When I saw Vicki's name on my class list, I knew what my action plan would be. Vicki would research the details of Noach's Taivah (Noah's Ar…

Like Mother, Like Daughter

It was two and a half hours of one family after the next. Some mothers came alone, other parents came as couples and still others brought their daughters along. It was parent-teacher evening, one of the most tiring yet most productive events in the school calendar.

"Esther* has a hard time staying focused..." my voice trailed off.  I smiled a sad smile as I watched the mother's eyes wander off to the corner of the room. My audience had lost focus. 
Like mother, like daughter.
Does she stand a chance?

Family connections are a funny thing. Students are regularly compared to their siblings (and mothers!). Younger sisters are often "figured out" before they've had a chance to prove themselves one way or another. It is almost expected that they will have similar scholastic and social abilities.

The funny thing is, I don't see it. Last year I taught two sisters concurrently, but I did not uncover their familial relationship until parent-teacher evening. I finishe…

The Joy of Writing

I sat down on a long winter night
And watched as my tasks piled up to great height
I let the pen in my hand just flow
Will it go fast of maybe quite slow?

Then a saying popped right into my mind
It shattered my thiughts and its message did blind.
הלשון הוא פולמוס הלב “the pen is the tongue of the heart”
Let’s look at that line and pull it apart:

To me it does mean that when I sit here like this
With a pen and paper, overflowing with a writing bliss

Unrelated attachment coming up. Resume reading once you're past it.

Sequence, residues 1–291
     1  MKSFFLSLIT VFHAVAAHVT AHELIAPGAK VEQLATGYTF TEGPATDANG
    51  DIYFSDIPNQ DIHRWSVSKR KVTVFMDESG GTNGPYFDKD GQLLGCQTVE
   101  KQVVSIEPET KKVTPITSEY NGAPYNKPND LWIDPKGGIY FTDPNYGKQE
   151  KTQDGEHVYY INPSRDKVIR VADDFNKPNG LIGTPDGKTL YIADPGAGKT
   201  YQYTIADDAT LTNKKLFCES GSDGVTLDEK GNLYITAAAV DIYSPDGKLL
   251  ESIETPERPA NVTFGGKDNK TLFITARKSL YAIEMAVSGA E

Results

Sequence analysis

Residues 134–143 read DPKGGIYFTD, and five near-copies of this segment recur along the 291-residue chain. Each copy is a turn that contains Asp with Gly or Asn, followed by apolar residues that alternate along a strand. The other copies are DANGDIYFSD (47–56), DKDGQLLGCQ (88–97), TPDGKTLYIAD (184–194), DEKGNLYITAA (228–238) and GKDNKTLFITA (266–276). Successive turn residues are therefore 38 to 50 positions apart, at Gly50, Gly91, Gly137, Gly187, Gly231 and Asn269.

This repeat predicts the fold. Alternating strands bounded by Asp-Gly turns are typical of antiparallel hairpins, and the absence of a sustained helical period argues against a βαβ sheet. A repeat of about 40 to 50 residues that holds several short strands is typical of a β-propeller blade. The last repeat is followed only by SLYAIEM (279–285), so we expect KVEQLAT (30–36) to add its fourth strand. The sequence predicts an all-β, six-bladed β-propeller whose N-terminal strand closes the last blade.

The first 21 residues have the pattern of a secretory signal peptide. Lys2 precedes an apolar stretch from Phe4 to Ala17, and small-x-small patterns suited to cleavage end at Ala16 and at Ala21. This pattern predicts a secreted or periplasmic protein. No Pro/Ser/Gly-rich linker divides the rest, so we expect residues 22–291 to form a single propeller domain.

Really what’s flowing on all these lines,
Is what’s lying in my heart much deeper than coalmines.
Then when the words quickly fill till room there’s no more,
I could understand what the tool called writingis really for:

To express what lays deep down within
And letting it out as if pokingwith a pin
To tell you my most deepest thoughts
And fill it all up till we’ve filled all the spots

Shoelaces and yiddishkeit

It was ten minutes into the lesson. The door creaked open as two girls headed apologetically towards the back of the room, "Sorry, Mrs. Shore* just dismissed us."

Rochi* looked frustrated. Mrs. Shore is an opinionated teacher, always sure of herself, who excels at lecturing her students into oblivion. Rochi is a thinker. She always has her own perspectives and is not too shy to share them.

They must have had another confrontation.

"What's up, Rochi?"
"Have you heard of this shoe thing?"
"Tell me"
"I mean, who cares which way I tie my shoes?!?"

I allowed myself a small smile. "Interesting. The shoe-tying business reminds me of a fascinating story. There was a young boy in a Gan Yisroel camp..."

I love watching how their ears perk up at the promise of a story. The actual story is irrelevant, as is the whole how-to-tie my shoe business. What really grabbed me was how the rest of the lesson panned out.

I knew there must be a …

To quench the thirst

"I have a headache" "Did you drink too much?" "No, I didn't drink enough."
Purim was lovely, thank you for asking. We spent several hours driving around to extended family members to share the simcha. Each stop was only a few minutes and followed a similar script:

"Look who's here!" "What a darling duck costume / princess crown." "Say cheese! Snap, snap. [Pass around Shaloch Manos packet] "Have a lovely day!"
Then, we'd walk back to the car and buckle up the babies. I would gratefully sink in to my seat... and then the pounding would commence. "I forgot to ask for water again!" We had a whole laundry basket full of packages to distribute in the back seat. There were forty cans of soda, but not one bottle of water.